How Cooley Law School Stadium flips from baseball to soccer
It's a long and tedious process. A baseball diamond can't turn into a soccer field at the drop of a hat.
It's a process that the grounds crew for the Lansing Lugnuts and Ignite haven't done often; Friday night’s installment is only their second go-around.
Of course, no one gets it right the first time.
"The infield was just unplayable," said Richmond Kickers Head Coach David Bulow after a 3-1 loss to the Ignite. "The rest of the surface was great...it's a shame, I hope they get it right."
And the grounds crew is listening...but safety is a key concern when it comes to the new field.
"As we're doing this, regardless of whether Ignite wins or loses, as long as the field is safe and playable, that's the most important thing," said President Nick Greuser.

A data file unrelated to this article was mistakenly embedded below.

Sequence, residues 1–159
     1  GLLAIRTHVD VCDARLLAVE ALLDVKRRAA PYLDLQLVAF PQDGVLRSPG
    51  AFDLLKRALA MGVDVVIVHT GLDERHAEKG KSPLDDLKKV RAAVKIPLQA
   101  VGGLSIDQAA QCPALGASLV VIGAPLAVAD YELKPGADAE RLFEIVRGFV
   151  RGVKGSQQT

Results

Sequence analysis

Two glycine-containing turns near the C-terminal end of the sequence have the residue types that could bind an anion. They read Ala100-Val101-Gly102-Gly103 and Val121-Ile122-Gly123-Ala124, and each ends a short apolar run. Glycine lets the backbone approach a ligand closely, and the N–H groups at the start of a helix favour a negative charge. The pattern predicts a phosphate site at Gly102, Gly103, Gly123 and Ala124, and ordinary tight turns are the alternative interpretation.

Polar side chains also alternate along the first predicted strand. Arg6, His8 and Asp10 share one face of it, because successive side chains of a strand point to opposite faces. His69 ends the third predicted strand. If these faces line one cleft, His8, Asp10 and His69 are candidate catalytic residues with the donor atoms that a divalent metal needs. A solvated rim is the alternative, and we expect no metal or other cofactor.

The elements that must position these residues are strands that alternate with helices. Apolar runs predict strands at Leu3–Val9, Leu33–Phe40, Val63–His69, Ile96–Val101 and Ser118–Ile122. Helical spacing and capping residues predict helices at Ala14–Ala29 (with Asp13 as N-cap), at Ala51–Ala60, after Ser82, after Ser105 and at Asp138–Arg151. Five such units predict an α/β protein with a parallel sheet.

"We don't want anyone getting hurt. As far as his comments are concerned, I know more about grass than he does, so I really don't care," said Head Groundskeeper Zach Severns. "It's only going to get better. We're only going to get faster at it, and we're going to put out the best playing product that we can."
For the staff at Cooley Law School Stadium, versatility is key.
They hope to host a different event every day this year.
"It’s been our focus to use the stadium more as a community," said Greuser. "The more times we can open our gates and allow people to use the asset that the city has, that's our ultimate goal."
Changing the playing surface often is something that depends on a lot of things, but Severns and his crew are eager and ready for the challenge.
"A storm five days from now is affecting what i do today. I have to constantly be on my toes, and I actually find that adrenaline rush fun. It's going to be a fun process. I'm actually excited for the rest of the season."